"A new study shows that the complement system, part of the innate immune system, plays a protective role to slow retinal degeneration in a mouse model of retinitis pigmentosa, an inherited eye disease. This surprising discovery contradicts previous studies of other eye diseases suggesting that the complement system worsens retinal degeneration. The research was performed by scientists at the National Eye Institute (NEI), part of the National Institutes of Health, and appears in the Journal of Experimental Medicine."
"Scientists from EPFL in Switzerland and Scuola Superiore Sant'Anna in Italy are developing technology for the blind that bypasses the eyeball entirely and sends messages to the brain. They do this by stimulating the optic nerve with a new type of intraneural electrode called OpticSELINE. Successfully tested in rabbits, they report their results in Nature Biomedical Engineering."
A good summary of the different approaches in research and clinical trial for treating retinitis pigmentosa/Usher Syndrome
Optogenetics is a potential treatment for retinitis pigmentosa that is not dependent on genetic mutation.
"Current strategies for treatment of neurodegenerative disorders are focused on the repair of the primary affected cell type. However, the defective neuron functions within a complex neural circuitry, which also becomes degraded during disease. It is not known whether a rescued neuron and the remodeled circuit will establish communication to regain normal function. We show that the adult mammalian neural retina exhibits a surprising degree of plasticity following rescue of rod photoreceptors. The wayward rod bipolar cell dendrites re-establish contact with rods to support normal synaptic transmission, which is propagated to the retinal ganglion cells. These findings support efforts to repair or replace defective rods in patients blinded by rod cell loss."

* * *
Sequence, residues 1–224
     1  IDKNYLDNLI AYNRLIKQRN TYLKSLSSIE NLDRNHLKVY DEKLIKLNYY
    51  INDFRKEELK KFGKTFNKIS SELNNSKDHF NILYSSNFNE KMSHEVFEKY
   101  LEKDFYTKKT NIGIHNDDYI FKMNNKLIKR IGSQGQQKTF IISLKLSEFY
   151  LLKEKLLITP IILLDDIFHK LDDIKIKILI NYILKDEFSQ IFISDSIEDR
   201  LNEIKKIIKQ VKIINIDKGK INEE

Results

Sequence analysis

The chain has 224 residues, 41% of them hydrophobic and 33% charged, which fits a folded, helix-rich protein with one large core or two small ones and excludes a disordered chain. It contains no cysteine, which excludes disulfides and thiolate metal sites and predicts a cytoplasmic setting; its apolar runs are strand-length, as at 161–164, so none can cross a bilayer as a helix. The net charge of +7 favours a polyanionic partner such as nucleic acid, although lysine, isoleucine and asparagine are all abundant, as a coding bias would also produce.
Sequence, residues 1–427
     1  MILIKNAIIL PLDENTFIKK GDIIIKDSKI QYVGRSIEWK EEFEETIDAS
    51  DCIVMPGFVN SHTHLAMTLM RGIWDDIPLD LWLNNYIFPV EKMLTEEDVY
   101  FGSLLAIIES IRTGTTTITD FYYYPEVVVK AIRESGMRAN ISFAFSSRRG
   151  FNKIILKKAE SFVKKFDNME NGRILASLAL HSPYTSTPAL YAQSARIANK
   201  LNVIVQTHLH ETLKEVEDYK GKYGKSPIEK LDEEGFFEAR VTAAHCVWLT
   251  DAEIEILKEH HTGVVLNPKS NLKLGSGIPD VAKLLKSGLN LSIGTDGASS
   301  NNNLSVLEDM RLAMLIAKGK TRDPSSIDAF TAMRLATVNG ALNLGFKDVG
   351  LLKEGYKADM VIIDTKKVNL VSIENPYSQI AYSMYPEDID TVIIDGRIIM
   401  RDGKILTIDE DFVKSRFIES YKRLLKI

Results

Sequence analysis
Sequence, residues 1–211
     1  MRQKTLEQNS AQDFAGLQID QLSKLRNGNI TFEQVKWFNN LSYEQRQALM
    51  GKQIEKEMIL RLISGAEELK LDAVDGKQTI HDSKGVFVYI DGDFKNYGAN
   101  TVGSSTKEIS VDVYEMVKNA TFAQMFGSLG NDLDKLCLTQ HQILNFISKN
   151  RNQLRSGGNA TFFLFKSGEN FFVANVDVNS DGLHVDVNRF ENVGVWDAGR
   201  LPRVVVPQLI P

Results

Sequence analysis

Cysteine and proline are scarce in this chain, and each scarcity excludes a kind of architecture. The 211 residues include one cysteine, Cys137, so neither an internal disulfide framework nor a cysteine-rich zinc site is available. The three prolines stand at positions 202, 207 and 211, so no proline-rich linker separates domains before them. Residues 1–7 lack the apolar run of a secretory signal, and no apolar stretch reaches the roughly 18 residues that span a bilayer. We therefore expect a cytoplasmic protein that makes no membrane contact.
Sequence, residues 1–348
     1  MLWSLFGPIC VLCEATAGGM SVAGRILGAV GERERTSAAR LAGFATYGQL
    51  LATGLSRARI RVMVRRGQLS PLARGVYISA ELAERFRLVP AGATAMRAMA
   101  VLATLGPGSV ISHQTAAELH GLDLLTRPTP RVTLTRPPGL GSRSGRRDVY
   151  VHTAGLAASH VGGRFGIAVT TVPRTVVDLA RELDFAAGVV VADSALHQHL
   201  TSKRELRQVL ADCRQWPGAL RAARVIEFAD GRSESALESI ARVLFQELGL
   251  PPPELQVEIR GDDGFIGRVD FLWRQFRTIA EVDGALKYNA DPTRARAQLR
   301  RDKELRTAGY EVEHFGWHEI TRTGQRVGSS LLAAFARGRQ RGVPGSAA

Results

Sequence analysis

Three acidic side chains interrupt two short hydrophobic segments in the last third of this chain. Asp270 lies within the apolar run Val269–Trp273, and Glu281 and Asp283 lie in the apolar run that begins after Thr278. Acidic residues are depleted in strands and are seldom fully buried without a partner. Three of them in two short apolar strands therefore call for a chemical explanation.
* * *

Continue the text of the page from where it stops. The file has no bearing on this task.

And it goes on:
"Ophthalmology researchers at the University of Louisville have discovered the loss of vision in RP is the result of a disruption in the flow of nourishing glucose to the rods and cones. This disruption leads to the starvation of the photoreceptors.
"As research provides a better understanding of the progression of RP, this knowledge may lead to therapies that could slow or stop this process before the rods and cones are destroyed."
"A film that generates electric signals in response to light could one day help patients with conditions that cause retinal degeneration, such as retinitis pigmentosa."
"Building on a track record of developing adeno-associated viral (AAV) vectors as a groundbreaking clinical tool for gene therapy and gene editing, researchers report a more sensitive method for capturing the footprint of AAV vectors -- a broad range of sites where the vectors transfer genetic material."
"START therapy is a bold plan to treat inherited blinding eye disease with an eye drop. Here at Fighting Blindness Canada (FBC), we are excited about the research that Dr. Cheryl Gregory-Evans and her team are doing to make START therapy a reality. If successful, START therapy could be used to treat a variety of different genetic eye diseases, including Leber congenital amaurosis (LCA), Usher syndrome, and retinitis pigmentosa."
"The first trial using CRISPR within the human body is to begin this fall to treat a form of blindness, according to the Associated Press. Editas Medicine and Allergan plan to enroll 18 people with Leber congenital amaurosis, a genetic form of blindness that affects the retina, in their study. ...Recruitment to the study is underway at Massachusetts Eye and Ear Infirmary and is to expand to three other sites, according to ClinicalTrials.gov."